I think a better analogy would be a restaurant that gives you a buzzer that alerts you when
your table is ready.
Only in this case, the buzzer is really a pager that works anywhere in the world. So customers
will go home or go run errands while waiting. This causes a lot of latency (tables unoccupied
for huge stretches because the 'next' customer is not close by).
You can solve the problem by not having a long range buzzer (i.e. lock waiting programs in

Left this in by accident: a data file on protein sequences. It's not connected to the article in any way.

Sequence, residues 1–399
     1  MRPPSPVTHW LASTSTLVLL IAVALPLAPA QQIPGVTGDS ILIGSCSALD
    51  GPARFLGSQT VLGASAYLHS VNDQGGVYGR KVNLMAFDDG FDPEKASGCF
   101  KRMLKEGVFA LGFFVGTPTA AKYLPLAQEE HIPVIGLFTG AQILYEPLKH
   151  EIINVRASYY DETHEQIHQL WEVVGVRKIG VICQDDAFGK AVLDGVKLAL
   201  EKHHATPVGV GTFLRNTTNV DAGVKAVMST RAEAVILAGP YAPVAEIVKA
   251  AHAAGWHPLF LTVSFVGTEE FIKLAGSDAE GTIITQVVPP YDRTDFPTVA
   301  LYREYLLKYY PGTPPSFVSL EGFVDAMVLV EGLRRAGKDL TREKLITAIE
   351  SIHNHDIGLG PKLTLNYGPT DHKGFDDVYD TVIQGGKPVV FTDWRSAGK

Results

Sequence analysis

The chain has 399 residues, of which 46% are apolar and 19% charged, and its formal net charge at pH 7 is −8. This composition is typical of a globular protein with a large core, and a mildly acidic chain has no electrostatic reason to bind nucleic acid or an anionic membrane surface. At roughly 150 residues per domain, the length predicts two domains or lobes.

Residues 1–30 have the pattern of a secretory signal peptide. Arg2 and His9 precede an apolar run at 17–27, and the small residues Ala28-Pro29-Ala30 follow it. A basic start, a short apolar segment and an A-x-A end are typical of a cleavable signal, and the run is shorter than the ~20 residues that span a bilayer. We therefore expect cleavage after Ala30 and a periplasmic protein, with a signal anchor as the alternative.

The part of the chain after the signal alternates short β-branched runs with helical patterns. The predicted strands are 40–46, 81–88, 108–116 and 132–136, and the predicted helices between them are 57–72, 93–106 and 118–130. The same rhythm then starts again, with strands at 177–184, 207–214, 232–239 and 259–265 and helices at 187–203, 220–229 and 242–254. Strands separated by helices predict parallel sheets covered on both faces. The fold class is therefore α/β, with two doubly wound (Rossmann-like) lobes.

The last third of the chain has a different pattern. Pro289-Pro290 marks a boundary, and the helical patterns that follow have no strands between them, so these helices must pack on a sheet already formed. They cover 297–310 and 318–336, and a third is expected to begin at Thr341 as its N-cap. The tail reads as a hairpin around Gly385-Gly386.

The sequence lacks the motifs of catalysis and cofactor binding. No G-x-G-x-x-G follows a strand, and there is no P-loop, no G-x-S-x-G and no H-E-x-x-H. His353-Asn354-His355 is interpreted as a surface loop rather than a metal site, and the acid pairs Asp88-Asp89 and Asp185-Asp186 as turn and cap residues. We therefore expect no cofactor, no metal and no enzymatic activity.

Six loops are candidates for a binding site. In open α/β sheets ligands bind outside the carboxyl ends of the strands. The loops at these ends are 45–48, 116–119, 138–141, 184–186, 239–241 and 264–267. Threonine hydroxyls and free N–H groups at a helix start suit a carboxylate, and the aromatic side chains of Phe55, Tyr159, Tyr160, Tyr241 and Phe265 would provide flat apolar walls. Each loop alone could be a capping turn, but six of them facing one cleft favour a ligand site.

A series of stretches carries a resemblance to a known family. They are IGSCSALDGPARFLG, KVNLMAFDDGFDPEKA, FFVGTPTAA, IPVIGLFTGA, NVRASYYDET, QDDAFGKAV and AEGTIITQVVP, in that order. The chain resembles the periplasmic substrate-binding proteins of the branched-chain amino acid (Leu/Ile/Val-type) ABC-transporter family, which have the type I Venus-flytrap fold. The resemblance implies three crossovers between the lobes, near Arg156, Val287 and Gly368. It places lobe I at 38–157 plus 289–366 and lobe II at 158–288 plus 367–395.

memory to prevent them from being swapped out -- but this would waste memory, since it could
be hours before the resource is ready, and programs that don't need the resource could use the
extra memory), or you could simply use the buzzer to say "the next table free, if you can't
come quickly we'll give it to someone else and buzz you later".